About Alabama Unionists

This article about Unionists in Alabama comes from the online Encyclopedia of Alabama.


2 Responses to “About Alabama Unionists”

  1. Glenda Patton Says:

    The more I dig into my family tree, the more Southern Unionists I find. My ggg grandfather, William Holland Wright, b. 1812 in Tennessee, lived in Dekalb County in NE Alabama.

    Too old to serve in either army, he was strongly opposed to secession. To avoid calling attention to himself, he followed the suggestion of other Unionists in the county and stayed close to home during the war. Even so, he was regularly threatened by a Captain Freeman of the local home guard.

    William’s story is chillingly outlined in his Southern Claims Commission papers, available on footnote.com. “There was times when (there were) thirty or forty of them over me snapping their pistols and guns on me, cursing and abusing me. They kept me in fear of them all the time for they would come like a passel of wild men and I did not know at no time but that they would come and kill me. ….”

    Not to be defeated, William persuaded his son, a Confederate in an Arkansas regiment (using $60 in gold as incentive) to join the Union army when it passed through on the way to Chickamauga. William became known as far away as NW Georgia that his home was a safe haven for deserting Confederates and Union soldiers separated from their units or escaping from Confederate custody. William’s wife stated, “(Mr. Wright) fed and directed other deserters from the Rebel army how to get through to the Union lines and we furnished rations to five Federal prisoners who had escaped from the Rebels. They came in one morning and we gave them rations and showed them which way to go to keep out of the way of the Rebels. They had not had anything to eat in two days and nights. They said they were directed to us J.R. Dorsey, a Union man who lives over towards Alpine, Georgia and they said a number of black men had directed them to our house as persons they could trust. This county was occupied by the Rebels then. That was in the summer of 1864…..”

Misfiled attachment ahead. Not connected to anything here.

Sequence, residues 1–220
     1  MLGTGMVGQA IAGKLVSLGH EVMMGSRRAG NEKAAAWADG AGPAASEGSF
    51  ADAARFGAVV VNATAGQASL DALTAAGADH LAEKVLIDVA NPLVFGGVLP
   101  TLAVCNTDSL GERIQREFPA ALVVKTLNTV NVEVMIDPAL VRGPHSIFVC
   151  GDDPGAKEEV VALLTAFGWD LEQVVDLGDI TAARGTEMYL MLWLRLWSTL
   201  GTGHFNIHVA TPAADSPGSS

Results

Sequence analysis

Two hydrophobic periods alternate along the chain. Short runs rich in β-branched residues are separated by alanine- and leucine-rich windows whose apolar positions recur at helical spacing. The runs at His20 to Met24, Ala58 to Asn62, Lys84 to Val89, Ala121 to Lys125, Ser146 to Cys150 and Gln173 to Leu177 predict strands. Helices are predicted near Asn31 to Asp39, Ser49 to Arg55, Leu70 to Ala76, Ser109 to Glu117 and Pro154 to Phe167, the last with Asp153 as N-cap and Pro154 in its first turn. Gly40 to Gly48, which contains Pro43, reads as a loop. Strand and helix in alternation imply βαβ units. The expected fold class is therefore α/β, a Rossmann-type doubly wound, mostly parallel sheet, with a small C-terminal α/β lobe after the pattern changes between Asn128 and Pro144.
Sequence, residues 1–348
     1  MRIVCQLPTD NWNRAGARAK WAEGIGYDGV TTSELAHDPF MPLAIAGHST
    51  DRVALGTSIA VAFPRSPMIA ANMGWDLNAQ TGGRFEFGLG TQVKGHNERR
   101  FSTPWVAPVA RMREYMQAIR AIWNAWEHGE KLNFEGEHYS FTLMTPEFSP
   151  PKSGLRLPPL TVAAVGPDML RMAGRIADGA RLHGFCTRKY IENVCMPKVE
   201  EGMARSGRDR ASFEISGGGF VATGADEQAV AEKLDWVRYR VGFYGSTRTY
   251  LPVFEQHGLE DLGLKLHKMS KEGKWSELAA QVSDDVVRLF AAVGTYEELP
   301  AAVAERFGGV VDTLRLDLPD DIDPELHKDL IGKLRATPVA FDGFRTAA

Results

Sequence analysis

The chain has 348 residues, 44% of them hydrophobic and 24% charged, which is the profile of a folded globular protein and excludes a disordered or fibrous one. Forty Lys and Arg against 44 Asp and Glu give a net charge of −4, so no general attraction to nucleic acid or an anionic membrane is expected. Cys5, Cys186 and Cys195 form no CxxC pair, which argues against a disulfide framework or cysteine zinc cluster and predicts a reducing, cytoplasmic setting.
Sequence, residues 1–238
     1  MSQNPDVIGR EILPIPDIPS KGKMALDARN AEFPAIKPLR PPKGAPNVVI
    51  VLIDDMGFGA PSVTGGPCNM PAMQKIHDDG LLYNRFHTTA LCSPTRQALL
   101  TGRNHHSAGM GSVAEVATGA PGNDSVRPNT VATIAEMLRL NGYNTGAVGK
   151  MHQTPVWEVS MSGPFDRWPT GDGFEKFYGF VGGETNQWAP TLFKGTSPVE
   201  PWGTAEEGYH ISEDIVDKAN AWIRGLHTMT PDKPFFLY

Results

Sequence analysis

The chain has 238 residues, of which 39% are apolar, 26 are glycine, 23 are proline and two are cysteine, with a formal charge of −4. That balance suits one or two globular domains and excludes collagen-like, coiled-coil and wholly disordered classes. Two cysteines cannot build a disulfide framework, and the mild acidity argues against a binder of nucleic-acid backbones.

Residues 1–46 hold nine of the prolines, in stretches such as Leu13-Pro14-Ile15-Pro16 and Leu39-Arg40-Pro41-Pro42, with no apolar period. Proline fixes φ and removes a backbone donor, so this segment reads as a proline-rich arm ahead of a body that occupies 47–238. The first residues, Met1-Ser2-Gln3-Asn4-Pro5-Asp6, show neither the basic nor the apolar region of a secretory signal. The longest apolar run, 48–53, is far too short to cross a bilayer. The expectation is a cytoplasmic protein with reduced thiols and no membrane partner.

William personally walked with some of these men cross Sand Mountain (including a dangerous no man’s land called the ‘dead line”) to Union lines. Even so, the Yankee army, (out of necessity, as they were living off the land) wiped him out twice, taking his hogs, cattle, horses, wagons, and the contents of his smokehouse. After the war, William is said to have suffered from some type of mental illness, understandable in view of what he had lost. (above quotes from http://www.footnote.com, Southern Claims Commission papers)

    • Excellent comment, Glenda. Thanks for sharing this info! The Loyalist Claims are a true treasure trove! Not only that, but they reveal a great deal more than “traditional” Southern history has “taught” us.

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